May 16, 2017 - Dear Councillor El-Chantiry, Today the Ottawa Police Services Board is receiving the results of Phase III of the Ottawa Police Services Gender Project. As you know, the project arises out of a settlement reached with the Ontario Human Rights Commission (Commission) in a human rights case filed by a female Ottawa Police Services (OPS) officer.
Goods, services and facilities
You have the right to be free from discrimination when you receive goods or services, or use facilities. For example, this right applies to:
- stores, restaurants and bars
- hospitals and health services
- schools, universities and colleges
- public places, amenities and utilities such as recreation centres, public washrooms, malls and parks
- services and programs provided by municipal and provincial governments, including social assistance and benefits, and public transit
- services provided by insurance companies
- classified advertisement space in a newspaper.
Relevant policies and guides:
When child welfare authorities remove children from their caregivers because of concerns about abuse or neglect, it can be traumatic and tragic for everyone involved – children, their families and even their communities. Being admitted into care comes with far-reaching consequences that can have a negative impact on children’s future ability to thrive. It is an unfortunate reality that some children need to be placed in care to keep them safe. But too often, for First Nations, Métis, Inuit, Black and other racialized families, being involved with the child welfare system and having a child removed is fraught with concerns that the system is not meeting their or their children’s needs, is harmful, and may be discriminatory.
November 3, 2014 - Dear Dr. Mukherjee, Thank you for this opportunity to contribute to the important discussion regarding the job specification and expectations for Toronto’s next Chief of Police.
June 15, 2016 - Dear Minister Orazietti, Congratulations on your appointment as Minister of Community Safety and Correctional Services. The Ontario Human Rights Commission (OHRC) is looking forward to working closely with you, especially as you continue to review the use of segregation within provincial jails, as well as the treatment of immigration detainees held in provincial custody.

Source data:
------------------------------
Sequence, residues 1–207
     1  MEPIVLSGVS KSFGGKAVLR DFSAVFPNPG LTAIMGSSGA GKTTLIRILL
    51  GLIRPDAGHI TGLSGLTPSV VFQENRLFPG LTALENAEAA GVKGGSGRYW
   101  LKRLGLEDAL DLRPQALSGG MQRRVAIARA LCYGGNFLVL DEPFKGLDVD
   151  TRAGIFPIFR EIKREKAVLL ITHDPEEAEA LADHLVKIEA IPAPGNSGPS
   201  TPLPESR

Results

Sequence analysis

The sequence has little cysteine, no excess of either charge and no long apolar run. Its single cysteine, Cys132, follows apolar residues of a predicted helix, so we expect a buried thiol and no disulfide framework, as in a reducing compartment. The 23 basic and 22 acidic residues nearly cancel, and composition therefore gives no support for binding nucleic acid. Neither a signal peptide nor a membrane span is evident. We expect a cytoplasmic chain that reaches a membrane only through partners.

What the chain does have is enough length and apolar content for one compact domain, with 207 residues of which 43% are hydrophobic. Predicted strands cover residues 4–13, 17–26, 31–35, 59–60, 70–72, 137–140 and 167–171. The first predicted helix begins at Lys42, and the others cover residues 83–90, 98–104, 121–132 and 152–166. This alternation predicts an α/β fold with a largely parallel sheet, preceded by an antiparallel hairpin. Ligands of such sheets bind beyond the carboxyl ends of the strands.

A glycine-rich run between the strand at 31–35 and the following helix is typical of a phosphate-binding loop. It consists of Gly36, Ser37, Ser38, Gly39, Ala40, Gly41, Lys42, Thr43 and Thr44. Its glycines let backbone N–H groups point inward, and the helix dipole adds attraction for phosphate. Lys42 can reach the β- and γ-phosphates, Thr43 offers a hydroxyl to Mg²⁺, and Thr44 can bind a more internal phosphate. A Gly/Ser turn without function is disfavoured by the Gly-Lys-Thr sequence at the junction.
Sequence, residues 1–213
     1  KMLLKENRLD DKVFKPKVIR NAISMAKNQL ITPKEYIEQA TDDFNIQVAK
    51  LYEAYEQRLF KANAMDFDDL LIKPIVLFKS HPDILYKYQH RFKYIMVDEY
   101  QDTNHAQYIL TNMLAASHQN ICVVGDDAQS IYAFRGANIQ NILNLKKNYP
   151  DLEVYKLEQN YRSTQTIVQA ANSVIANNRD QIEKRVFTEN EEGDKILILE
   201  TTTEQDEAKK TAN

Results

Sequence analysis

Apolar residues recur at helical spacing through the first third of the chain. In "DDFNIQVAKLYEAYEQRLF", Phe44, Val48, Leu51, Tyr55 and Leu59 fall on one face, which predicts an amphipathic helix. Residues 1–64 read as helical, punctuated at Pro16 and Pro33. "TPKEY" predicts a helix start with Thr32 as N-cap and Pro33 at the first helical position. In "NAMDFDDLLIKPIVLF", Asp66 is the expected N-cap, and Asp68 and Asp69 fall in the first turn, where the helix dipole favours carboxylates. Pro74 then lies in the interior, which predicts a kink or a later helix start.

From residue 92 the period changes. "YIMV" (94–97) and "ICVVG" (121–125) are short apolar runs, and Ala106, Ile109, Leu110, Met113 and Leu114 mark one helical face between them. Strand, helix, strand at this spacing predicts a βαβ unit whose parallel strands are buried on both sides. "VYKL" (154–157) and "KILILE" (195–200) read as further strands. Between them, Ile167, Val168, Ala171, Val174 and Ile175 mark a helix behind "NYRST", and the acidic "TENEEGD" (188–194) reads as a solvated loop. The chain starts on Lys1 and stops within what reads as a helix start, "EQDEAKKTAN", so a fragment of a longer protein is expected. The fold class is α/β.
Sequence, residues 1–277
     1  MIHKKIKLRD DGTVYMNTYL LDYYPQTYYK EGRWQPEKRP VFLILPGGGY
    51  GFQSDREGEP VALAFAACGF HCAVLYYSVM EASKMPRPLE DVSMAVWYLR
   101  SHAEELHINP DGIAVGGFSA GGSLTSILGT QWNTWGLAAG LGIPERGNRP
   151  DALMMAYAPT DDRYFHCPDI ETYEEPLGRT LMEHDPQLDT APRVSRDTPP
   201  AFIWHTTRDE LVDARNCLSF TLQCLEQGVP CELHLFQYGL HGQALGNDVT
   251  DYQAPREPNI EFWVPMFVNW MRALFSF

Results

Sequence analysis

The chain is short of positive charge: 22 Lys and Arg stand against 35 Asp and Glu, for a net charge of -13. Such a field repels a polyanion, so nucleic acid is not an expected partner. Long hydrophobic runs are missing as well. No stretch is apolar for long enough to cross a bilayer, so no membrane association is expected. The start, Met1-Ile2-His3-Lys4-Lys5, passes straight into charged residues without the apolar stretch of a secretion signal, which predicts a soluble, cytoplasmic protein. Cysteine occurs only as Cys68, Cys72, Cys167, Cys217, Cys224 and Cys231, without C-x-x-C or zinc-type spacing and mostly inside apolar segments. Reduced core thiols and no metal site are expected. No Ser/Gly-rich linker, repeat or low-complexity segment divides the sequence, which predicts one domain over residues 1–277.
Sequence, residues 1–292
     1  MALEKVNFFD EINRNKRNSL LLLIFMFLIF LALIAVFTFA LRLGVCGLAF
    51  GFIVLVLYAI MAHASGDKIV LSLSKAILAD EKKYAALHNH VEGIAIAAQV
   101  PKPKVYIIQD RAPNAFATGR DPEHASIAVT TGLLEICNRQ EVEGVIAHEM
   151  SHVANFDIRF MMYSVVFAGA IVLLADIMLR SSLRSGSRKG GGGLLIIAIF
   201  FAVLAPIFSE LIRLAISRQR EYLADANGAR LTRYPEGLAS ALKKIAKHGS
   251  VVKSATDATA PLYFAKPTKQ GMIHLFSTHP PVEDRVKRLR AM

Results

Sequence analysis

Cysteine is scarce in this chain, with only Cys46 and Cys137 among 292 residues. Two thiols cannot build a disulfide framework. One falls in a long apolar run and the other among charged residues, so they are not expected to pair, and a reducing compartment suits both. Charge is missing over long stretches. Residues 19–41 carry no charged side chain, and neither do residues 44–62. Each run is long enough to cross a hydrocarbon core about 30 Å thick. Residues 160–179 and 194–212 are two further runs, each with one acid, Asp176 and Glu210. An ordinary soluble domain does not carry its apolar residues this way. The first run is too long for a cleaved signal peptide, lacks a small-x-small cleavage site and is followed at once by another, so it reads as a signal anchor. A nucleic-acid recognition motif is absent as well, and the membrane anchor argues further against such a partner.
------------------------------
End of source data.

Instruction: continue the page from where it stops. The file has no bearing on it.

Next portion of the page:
May 30. 2016 - In support of your important responsibility to provide input to the Ontario Police College on the development of this training, we would like to highlight our view that training specific to racial profiling must be provided for it to be successful and for there to be meaningful change.
May 1, 2009 - I have watched with great interest – and hope – the events unfolding at Keswick High School in the past week. It was so refreshing to see 400 students rising together to tell their peers, their school, and their community, that racism and bullying are not welcome.
January 7, 2019 - As part of the OHRC monitoring of the settlement in the Jahn matter, we visited the Vanier Centre for Women (“Vanier”) in Milton, Ontario. I am writing today to provide you with a summary of what we learned on our December 4, 2018 visit.
December 13, 2018 - The Toronto Police Association (TPA) statements and video include several inaccurate and misleading statements, which should be corrected.
October 23, 2018 - The Court of Appeal for Ontario granted the Ontario Human Rights Commission (OHRC) leave to intervene in the appeal of Corporation of the Canadian Civil Liberties Association (CCLA) v Canada, a constitutional challenge to the administrative segregation provisions of the federal Corrections and Conditional Release Act.
October 14, 1999 - Insurance practices routinely make distinctions based on, among other things, gender, age, marital status and disability. While many of these distinctions are based on valid business practices, others raise questions and concerns. These concerns relate to the existence of non-discriminatory alternatives to current practices and about respect for human rights.